Mid-Atlantic Brewing News October/November 2011

 Drafting History: Nineteenth Century Brewing Demos

 By Rich Wagner

 Last fall during a “show and tell” with my own colonial brewing system, someone asked me if I had heard of Pioneer Village in Toronto, an extensive living history site with many buildings that were moved there from other places. The Half Way House Tavern, which houses the brewery, was relocated from nearby Scarborough, and so-named because its location was half way from country to market. Their website says they began brewing in the summer of 2009 and contains a video showing the process.

 Two months later I came across an old pamphlet describing a brewery at Genesee Village near Rochester, NY. Their website includes photographs of the brewery and indicated they had started brewing there last summer!

 Needless to say, my summer vacation plans became obvious, although it was surprising to learn I would need a passport, not to enter Canada, but to return to the States! I contacted both sites ahead of time and was afforded the opportunity to witness the brewing process, speak with the brewers and take lots of photographs.

 In Toronto our tour began in the tavern, conducted by a costumed “villager” who engaged those assembled in a lively discussion on the history of brewing, distilling and prohibitionist sentiments of Ontario. We walked down the road to see a working grist mill where malt could be ground for the brewery and saw a cooper shop where barrels were made. We returned and saw the hop poles loaded with vines in a plot adjacent to the tavern. Downstairs, Ed Koren was in the process of brewing a porter and we got to sample three or four of his brews. His costumed assistant, a local homebrewer, had paid to spend the day brewing at Black Creek.

 The brewing system is small but efficient and includes a mash tun and kettle along one wall. Along another wall there is a rack that holds two tiers of barrels, the top row being used for fermenters and the bottom for aging and dispensing. Above that is a surface cooler or “coolship” which is used to chill the wort after it has been boiled. The hot wort is poured through a cheesecloth-lined “hop back” from which it drains into the cooler. Once chilled, it is transferred by a moveable trough through an ingenious arrangement that directs the wort to one of four fermenters. When fermentation is complete the beer is transferred to an ageing cask below from which it can be served.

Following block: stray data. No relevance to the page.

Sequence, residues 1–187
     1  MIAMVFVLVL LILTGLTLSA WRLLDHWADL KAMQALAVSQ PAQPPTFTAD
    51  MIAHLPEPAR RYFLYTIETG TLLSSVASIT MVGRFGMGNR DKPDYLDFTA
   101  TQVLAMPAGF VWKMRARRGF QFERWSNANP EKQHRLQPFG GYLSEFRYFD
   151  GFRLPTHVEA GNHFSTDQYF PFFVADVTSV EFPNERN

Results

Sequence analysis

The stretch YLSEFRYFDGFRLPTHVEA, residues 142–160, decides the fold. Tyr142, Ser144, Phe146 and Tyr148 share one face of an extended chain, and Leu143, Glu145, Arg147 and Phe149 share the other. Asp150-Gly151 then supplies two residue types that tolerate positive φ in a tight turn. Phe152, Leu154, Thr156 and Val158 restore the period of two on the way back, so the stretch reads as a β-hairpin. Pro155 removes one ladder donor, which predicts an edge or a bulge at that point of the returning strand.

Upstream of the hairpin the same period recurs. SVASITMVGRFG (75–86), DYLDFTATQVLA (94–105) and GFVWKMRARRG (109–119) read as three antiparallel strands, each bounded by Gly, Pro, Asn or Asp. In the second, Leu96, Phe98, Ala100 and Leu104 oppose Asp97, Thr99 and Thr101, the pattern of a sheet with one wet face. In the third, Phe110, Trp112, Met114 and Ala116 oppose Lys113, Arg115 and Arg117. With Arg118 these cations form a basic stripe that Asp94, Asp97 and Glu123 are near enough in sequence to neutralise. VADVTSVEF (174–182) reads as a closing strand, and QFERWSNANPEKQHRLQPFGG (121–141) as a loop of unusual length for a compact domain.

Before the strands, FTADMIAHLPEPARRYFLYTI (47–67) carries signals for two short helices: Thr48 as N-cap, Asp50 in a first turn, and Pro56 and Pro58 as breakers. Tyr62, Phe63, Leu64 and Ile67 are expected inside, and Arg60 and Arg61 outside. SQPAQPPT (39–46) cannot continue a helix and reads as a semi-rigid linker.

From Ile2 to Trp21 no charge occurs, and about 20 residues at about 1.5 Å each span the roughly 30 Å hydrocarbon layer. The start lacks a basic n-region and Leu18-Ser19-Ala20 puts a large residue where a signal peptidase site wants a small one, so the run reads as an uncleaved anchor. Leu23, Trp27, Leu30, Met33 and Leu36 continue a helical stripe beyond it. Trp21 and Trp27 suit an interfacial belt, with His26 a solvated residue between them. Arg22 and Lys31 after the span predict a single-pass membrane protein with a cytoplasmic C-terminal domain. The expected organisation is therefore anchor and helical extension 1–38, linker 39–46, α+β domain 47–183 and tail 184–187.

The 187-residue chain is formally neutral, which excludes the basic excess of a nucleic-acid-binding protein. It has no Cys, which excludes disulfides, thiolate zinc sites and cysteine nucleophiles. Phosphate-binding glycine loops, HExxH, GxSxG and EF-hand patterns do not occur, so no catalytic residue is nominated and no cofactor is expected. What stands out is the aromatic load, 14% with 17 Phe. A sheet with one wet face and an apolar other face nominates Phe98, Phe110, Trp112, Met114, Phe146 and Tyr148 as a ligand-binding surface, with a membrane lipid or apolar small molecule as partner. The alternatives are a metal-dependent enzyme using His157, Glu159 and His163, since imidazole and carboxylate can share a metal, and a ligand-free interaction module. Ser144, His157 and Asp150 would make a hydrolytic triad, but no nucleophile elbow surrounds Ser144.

Growlers are available to the public and sometimes you can get beer brewed on site, but most of the beer comes from Trafalgar Brewing Company in Oakville and Flying Monkeys Craft Brewery in Barrie.

 When we were finished visiting Toronto, we traveled back down across the border by way of Niagara Falls, and headed for the other site, Genesee Village, located on 600 acres about twenty miles outside of Rochester, NY, in the village of Mumford. It was conceived and endowed in 1966 by John Wehle, whose family owned the Genesee Brewing Company. Since 1976 the site has operated as a living history museum and contains many buildings that were brought in from the surrounding countryside to have a new lease on life. The carriage house even has the wagon which was drawn by Genesse’s famed “twelve horse team” for which their Twelve Horse Ale was named.

 My guide was Brian Nagel, Director of Interpretation at the site. He was familiar with my work and anxious to show me their process and get my reactions. There had always been a brewery on the site but it burned down in 1988. It was rebuilt and outfitted with everything necessary to brew beer. The classic small barn style building is two stories tall with a basement made of stone. A great deal of research went into the reproduction and arrangement of the equipment, in particular by Charles LeCount, Senior Director of Programs and Collections at Genesee Village. Brian has spent most of his career as an archeologist and cultural anthropologist, and between the two of them and many craftsmen, they have created a masterpiece!